The Cannes Film Festival wound down this weekend, with Jacques Audiard’s Dheepan picking up the Palme d’Or—the most prestigious award in all of film festivaldom—at the closing ceremony. This came as a big surprise, given that Audiard’s immigrant drama/vigilante thriller wasn’t considered a major contender on the ground, aside from a possible Best Actor upset for star Antonythasan Jesuthasan. (That award went to Vincent Lindon for The Measure Of A Man, as predicted.)
For much of the festival, awards oddsmakers favored Son Of Saul, Lazlo Nemes’ nightmarish debut feature about a Hungarian Sonderkommando searching for a rabbi in a death camp while his comrades prepare a revolt against the guards. The movie—seen as most likely to impress jury presidents Joel and Ethan Coen—ended up picking up the Grand Prix, essentially the second-place prize. Son Of Saul also picked up the independent FIPRESCI Prize, awarded by the International Federation of Film Critics, and smaller independent prizes like the Prix François Chalais and the Vulcan, the latter for its sound design.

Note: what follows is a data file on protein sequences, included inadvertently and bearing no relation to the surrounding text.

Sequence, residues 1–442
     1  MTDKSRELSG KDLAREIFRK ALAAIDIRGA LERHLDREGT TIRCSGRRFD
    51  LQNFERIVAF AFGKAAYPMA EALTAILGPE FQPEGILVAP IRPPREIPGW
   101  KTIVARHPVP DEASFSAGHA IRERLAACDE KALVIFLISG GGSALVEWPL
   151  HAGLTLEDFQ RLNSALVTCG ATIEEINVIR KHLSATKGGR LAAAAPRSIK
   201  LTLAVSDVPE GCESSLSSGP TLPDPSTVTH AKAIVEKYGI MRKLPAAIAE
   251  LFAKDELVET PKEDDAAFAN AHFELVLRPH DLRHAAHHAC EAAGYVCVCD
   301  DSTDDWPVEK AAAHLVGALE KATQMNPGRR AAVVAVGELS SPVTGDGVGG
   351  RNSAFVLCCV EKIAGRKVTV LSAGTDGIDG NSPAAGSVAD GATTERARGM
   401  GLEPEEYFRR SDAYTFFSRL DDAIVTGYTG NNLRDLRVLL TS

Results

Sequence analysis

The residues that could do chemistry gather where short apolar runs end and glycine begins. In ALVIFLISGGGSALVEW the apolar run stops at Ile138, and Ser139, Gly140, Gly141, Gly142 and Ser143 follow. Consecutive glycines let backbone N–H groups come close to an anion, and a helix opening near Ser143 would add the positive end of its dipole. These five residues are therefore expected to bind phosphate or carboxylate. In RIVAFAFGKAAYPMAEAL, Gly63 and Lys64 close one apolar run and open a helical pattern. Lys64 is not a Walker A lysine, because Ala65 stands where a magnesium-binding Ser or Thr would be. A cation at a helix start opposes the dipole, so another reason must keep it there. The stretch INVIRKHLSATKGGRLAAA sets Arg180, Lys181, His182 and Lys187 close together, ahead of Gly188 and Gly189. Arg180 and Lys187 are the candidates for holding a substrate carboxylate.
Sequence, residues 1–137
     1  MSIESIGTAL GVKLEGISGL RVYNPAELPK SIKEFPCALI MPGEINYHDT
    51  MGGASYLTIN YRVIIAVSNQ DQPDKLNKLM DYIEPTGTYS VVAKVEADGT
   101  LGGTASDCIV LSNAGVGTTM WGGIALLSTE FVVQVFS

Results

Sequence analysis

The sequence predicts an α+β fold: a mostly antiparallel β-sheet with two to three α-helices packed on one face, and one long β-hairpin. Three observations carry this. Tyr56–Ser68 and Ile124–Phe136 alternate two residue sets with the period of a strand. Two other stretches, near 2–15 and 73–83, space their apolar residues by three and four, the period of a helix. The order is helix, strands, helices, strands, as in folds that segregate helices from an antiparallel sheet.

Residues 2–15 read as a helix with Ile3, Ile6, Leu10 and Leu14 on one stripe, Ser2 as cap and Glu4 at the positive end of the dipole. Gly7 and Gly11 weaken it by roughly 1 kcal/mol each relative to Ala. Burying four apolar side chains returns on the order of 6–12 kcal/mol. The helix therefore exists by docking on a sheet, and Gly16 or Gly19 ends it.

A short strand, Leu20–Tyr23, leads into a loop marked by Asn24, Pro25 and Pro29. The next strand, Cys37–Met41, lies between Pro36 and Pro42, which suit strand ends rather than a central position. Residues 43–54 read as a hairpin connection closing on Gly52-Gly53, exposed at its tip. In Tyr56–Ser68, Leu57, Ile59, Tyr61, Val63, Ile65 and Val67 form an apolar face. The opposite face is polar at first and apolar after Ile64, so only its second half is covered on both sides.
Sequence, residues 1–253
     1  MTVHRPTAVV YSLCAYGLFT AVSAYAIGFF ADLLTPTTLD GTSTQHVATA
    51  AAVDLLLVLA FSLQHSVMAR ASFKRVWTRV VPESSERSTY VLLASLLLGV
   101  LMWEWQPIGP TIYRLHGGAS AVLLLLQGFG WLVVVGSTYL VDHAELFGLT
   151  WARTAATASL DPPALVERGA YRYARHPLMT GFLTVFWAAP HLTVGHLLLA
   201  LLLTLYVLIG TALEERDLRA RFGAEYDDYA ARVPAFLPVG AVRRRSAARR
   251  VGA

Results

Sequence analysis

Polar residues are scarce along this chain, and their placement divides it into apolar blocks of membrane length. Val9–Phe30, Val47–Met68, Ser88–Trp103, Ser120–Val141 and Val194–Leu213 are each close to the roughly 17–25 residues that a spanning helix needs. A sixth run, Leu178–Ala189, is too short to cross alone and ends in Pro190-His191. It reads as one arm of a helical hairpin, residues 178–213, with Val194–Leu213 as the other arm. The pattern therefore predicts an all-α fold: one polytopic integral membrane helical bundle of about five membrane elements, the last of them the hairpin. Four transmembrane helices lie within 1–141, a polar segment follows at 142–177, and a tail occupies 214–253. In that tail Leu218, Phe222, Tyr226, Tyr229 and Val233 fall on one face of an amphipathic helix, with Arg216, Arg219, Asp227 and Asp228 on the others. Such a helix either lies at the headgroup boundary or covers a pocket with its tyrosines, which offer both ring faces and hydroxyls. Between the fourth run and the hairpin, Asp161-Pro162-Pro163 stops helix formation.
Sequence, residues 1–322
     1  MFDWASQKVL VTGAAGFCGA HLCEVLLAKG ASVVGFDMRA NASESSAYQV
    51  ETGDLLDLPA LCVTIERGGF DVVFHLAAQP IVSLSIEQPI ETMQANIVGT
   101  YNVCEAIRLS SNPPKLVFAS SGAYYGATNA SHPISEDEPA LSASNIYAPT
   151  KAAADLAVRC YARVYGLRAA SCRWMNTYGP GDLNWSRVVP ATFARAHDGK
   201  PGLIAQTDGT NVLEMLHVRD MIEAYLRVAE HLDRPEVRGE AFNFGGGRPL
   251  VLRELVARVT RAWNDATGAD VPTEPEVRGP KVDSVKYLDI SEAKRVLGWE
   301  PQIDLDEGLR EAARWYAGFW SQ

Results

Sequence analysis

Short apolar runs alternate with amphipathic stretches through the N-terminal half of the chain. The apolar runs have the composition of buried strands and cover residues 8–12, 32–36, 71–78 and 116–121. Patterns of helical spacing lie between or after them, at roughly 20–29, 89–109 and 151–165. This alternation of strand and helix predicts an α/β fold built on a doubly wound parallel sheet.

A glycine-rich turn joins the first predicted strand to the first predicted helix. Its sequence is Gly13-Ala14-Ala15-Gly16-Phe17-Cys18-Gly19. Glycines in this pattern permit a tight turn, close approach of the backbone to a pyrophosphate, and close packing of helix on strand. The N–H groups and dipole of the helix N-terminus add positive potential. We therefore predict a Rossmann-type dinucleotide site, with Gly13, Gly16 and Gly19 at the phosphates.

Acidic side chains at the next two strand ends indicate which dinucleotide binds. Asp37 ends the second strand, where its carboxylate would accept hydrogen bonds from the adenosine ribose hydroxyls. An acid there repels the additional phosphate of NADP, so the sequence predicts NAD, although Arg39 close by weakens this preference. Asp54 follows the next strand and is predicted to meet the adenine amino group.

There’s a precedent in Cannes juries awarding the Palme to the jury favorite, with the Grand Prix reflecting the tastes of the jury president, or, in this case, jury presidents. At the 2004 festival, the Palme d’Or went to Fahrenheit 9/11, with Oldboy receiving the Grand Prix in what was largely seen as a deal between president Quentin Tarantino and the rest of the jury.
The Jury Prize, a.k.a. the third place trophy, was picked by The Lobster, the English language debut of Dogtooth director Yorgos Lanthimos. Hou Hsiao-hsien’s deconstructed martial-arts flick The Assassin—our own favorite film of the festival—was widely seen as too esoteric to win the Palme, but too accomplished for the jury to ignore, and thus predictably picked up the Best Director prize.
Best Actress, predicted as a split between Cate Blanchett and Rooney Mara for their work in Todd Haynes’ Patricia Highsmith adaptation Carol, was instead split between Mara and Emmanuelle Bercot, the star of Mon Roi and director of the opening night film, Standing Tall. Meanwhile, Best Screenplay—often a toss-up at a director-centric event like Cannes—went to Michel Franco’s Chronic.
Cannes often has to strike a balance between being a major international film event and a French cultural institution, and this year saw many major names relegated to the Un Certain Regard sidebar as well as the two officially-recognized parallel festivals, Directors’ Fortnight and Critics’ Week.
The Un Certain Regard jury, headed by Isabella Rossellini, gave its top prize to the Icelandic Rams; two of our favorites in the sidebar, Kiyoshi Kurosawa’s Journey To The Shore and Corneliu Porumboiu’s The Treasure, picked up the Best Director prize and the made-up Prix Un Certain Talent, respectively. Arnaud Desplechin’s My Golden Days picked up the SACD screenwriting prize, one of several awards available to films in Directors’ Fortnight.
You can read our coverage of this year’s festival here.